The results are in, and investors have jumped on 3D Systems' (NYSE:DDD) bandwagon again after the 3D-printing leader produced third-quarter earnings that were largely in line with Wall Street's expectations. A 4% rise in 3D Systems' stock price today may simply reflect widespread relief that the company, unlike its chief rival Stratasys, did not issue reduced forecasts for its full year. However, 3D Systems only bettered one of Wall Street's two key targets for the third quarter -- its $166.9 million top line came in slightly below the $167.7 million analysts had expected, but $0.18 in adjusted earnings per share was a penny better than the analyst consensus.
3D Systems held fast on its full-year guidance, which still calls for revenue to range from $650 million to $690 million, and for adjusted EPS to range from $0.70 to $0.80. With three quarters now in the tank, we can use the midpoints of these full-year ranges to estimate 3D Systems' expectations for its fourth quarter. Let's take a look at the results from this quarter and the expectations for the next, to see how they compare to 3D Systems' recent financial history:
The third quarter continued an unwelcome trend of declining growth, but it appears that investors are willing to overlook the recent past in the hope that 3D Systems can live up to its promises in the final quarter of 2014. The third quarter was the fourth consecutive quarter of lower sequential year-over-year revenue growth, and it was the seventh of the company's eight most recent quarters in which adjusted EPS was lower than it was the year before. However, both top and bottom lines look likely to reverse their trends in the fourth quarter, as 3D Systems expects revenue to rise 31.6% year over year, and also expects adjusted EPS to be higher year over year for the first time since the third quarter of 2013. The midpoints of both 3D Systems' top- and bottom-line guidance ranges also narrowly surpass what analysts had expected for the fourth quarter -- Wall Street had been looking for $203.7 million on the top line and $0.25 in adjusted EPS, but 3D Systems is effectively anticipating $203.4 million in revenue and $0.26 in adjusted EPS.
3D Systems continues to blame production issues for its declining margins, as the company's earnings report cites CEO Avi Reichental as saying that "while growing pains led to our revenue shortfall and pressured our gross profit margin, the fundamentals of our business are intact and our gross profit margins are poised to resume their expansion." Gross and net margins were both higher sequentially, but substantially weaker year over year -- gross margins fell from 52.6% in the year-ago quarter to 47.8% in the current quarter, and 3D Systems' adjusted net margin dropped from 19.3% all the way to 11.8%.
This is the third consecutive quarter in which 3D Systems has blamed shrinking margins on "growing pains," only now it's starting to blame its lower-than-expected revenue on these growing pains as well, as Reichental also pointed out that "[3D Systems] failed to fully capitalize on the robust demand for our direct metal and consumer products." The company's inability to serve this demand resulted in organic revenue growth of just 12% for the quarter, the second-lowest organic growth rate reported since 3D Systems began offering this metric in its reports in mid-2012:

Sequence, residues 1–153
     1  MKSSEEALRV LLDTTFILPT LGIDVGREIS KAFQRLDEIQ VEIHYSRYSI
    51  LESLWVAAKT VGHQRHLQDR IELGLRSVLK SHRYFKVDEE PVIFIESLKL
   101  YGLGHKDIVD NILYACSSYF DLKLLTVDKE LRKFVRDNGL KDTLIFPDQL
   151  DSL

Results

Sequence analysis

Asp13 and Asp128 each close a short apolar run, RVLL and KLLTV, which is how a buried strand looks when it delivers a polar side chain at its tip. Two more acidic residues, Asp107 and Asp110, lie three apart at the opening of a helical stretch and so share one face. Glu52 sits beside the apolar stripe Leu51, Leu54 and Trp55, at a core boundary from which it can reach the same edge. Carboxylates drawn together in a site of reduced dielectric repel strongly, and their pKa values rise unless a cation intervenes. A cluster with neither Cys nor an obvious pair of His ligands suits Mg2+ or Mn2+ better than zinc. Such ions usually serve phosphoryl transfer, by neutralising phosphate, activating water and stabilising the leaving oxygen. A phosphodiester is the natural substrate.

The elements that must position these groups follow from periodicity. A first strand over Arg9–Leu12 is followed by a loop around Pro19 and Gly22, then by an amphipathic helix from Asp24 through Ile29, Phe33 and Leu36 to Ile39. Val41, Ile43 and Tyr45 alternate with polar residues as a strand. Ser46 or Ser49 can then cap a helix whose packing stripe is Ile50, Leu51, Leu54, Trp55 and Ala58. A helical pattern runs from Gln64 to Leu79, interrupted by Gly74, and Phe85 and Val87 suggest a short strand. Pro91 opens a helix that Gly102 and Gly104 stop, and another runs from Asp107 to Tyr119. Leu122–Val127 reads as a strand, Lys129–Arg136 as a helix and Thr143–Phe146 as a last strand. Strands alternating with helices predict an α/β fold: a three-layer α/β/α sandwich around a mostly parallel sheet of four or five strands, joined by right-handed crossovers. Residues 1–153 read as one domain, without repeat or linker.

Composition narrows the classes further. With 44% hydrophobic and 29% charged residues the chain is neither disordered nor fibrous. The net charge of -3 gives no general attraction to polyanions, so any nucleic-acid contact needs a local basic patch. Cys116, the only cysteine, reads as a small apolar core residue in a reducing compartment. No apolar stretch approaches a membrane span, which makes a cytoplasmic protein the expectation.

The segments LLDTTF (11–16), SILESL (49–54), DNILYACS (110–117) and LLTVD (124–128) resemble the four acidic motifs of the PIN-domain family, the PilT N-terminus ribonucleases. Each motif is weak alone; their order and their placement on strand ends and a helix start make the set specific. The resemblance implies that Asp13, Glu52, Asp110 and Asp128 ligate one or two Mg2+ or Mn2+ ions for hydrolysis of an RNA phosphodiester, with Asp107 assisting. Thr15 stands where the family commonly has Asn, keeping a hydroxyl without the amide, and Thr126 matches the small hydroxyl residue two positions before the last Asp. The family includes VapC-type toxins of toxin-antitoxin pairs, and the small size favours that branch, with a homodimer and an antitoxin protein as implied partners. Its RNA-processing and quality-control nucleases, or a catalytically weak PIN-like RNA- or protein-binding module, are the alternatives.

The company's major segment growth rates do support the assertion that it's having difficulty servicing demand for its machines, as revenue from services grew 28.9% from the year-ago quarter, compared to 20.3% growth in product sales. This is the second consecutive quarter in which product sales have grown at a slower rate than services revenue, which has not happened since the end of 2011.
3D Systems now claims a $46 million backlog, which has increased rapidly as the year progresses. The company reported just $28.8 million in backlog at the end of the first quarter. 3D Systems has already spent far more on capital expenditures this year than it ever has before -- $16.8 million for the first three quarters of 2014 against just $5.7 million in capex by this point last year -- to service its growing demand, and meeting more of it in the fourth quarter should help meet its rising growth expectations.
Investors need to keep a close eye on 3D Systems' organic growth rate and its EPS growth going forward. The company now has a well-established history of making excuses for disappointing growth, but investors have decided to give 3D Systems the benefit of the doubt today. Its ability to make good on its promises and finally deliver on its swelling backlog in the fourth quarter will be critical to regaining the trust it's lost in a year in which its shares have lost more than half of their value.
Alex Planes holds no financial position in any company mentioned here. Follow him on Twitter @TMFBiggles or connect with him on LinkedIn for more insight into investing, markets, economic history, and cutting-edge technology.
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